Location
    So. NH
    Posts
    826
    Post Likes
    Quote Originally Posted by tagb0000 View Post
    Today's Blower Door Test results: 3300 CFM @ 50 Pa.

    Test was done at single exterior door. The independent assessor did not believe doing a test at the third floor (attic) area would give any usable data. Further, he estimates there are about four (4) air changes per hour.

    His handheld (which I believe is this device) tester did not seem to indicate any measurable levels of CO. CO2 and other variables seemed to be "normal" according to his tester. Moments after he left - and moments before this posting - I ordered the TIM12.

    The assessor's recommendation was to skip the whole house dehumidifier and replace the 80% efficiency units - possibly starting with the second floor - and install a fresh air vent directly into the air handler. His logic was that a ~$2000 dehumidifier unit will only be used a small percentage of the time (in the most humid part of the summer). Whereas applying that money toward replacing the HVAC and air handler would be used year round AND it would be more energy efficient.

    I will try to post some pictures later today.
    4 air changes per hour!

    And he said nothing about this! If this is true it is clearly your problem and seriously question his competence.

    The spray foam could have been done better but but that blower door needs to be verified first.

  3. #29
    Join Date
    May 2004
    Location
    south louisiana
    Posts
    3,792
    Post Likes
    you have a vented attic with foam. not an unvented foam sealed attic.

    "The independent assessor did not believe doing a test at the third floor (attic) area would give any usable data. Further, he estimates there are about four (4) air changes per hour."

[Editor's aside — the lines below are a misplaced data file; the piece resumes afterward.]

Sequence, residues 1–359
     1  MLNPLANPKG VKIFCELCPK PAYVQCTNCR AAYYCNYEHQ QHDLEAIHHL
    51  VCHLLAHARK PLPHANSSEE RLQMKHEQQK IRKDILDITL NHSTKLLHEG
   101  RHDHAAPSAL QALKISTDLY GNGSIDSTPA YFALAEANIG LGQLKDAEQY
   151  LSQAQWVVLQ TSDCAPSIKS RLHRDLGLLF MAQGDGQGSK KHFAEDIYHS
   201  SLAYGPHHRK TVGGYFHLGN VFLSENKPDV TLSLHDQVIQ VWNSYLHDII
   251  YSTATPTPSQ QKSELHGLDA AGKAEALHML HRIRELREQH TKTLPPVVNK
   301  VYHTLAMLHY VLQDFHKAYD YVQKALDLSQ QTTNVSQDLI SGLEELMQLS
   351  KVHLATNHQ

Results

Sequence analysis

he is an idiot. just looking @ the pics...I see leakage.
    he should have tested the foam install. I'm sure you would
    have helped haul the equip up to the attic door, so he is lazy also.
    testing the attic would have shown the leakage areas I'll describe
    below.

    foam seals when it is installed correctly.
    foam sprayed to fiberglass batts doesn't seal. pic #7
    it sticks to the batts...but the fg batts don't air seal.
    the batts should have been moved back from the eaves
    of the roof so the foam could seal to the attic floor.

    if you have soffit vents, then they are still taking ambient
    air into the attic. not all of it can vent via foam sealed baffles
    (again foam against fg batts) to exit the open pav @ the part of the
    attic that would have required planning & extra work to seal.
    to the unsealed pav at the part of the roof. pic 9

    look at pic 3. the left part of the wall has spray foam that seals the
    roofline/eaves foam to the attic floor osb. (hopefully attic floor & not
    decking for storage...which would not provide a seal)
    to the right...you see that the foam stops, there is a gap between
    foam & attic floor, and no spray to osb that would close the gap & air
    seal.

    shoddy work with no true understanding of what the product can do
    when someone has the want to do it right & the work ethic to do the
    work to achieve it.

    pic 8 shows open voids in foam to batt "seal" you shouldn't see
    any of the wood in corner & each rafter bay should be filled at
    attic floor...after batts were removed.

    there should be no visible wood showing on the rafters, the
    rafter bays should have been filled completely, covering all wood.

    thats my take on it.


    foam is popular because we are too lazy to seal all the holes
    we make in ceilings, thermal bypasses that never get sealed.
    we the trades. foam is a coverall for all those mistakes.
    then we do whack stuff like put ducts & equip in attic.
    so foam covers the lack of planning & ignorance of design.

    if ambient air is entering the attic, you have humidity in the attic.
    (there is no IF to it...fwiw)
    air comes in via soffits, and exits at peak...pav.
    while your attic has an area for air to escape (pav) and maybe
    some of the soffits are sealed..it isn't sufficient to allow it to
    work as a conventionally vented attic. for a vented attic to
    actually vent there is a method to determine how much
    soffit vent ratio. the foam installer screwed that up big time.

    foam has changed the thermodynamics of your attic..and not
    in a good way.

    it can be fixed. but it is all in the prep work.
    pulling the batts out from the foam so the foam
    can go where it needs to go...to actually seal off the soffits.
    setting up work boards in attic so that peak can be accessed
    & the pav sealed.

    but you need problem solvers, not money grabbers.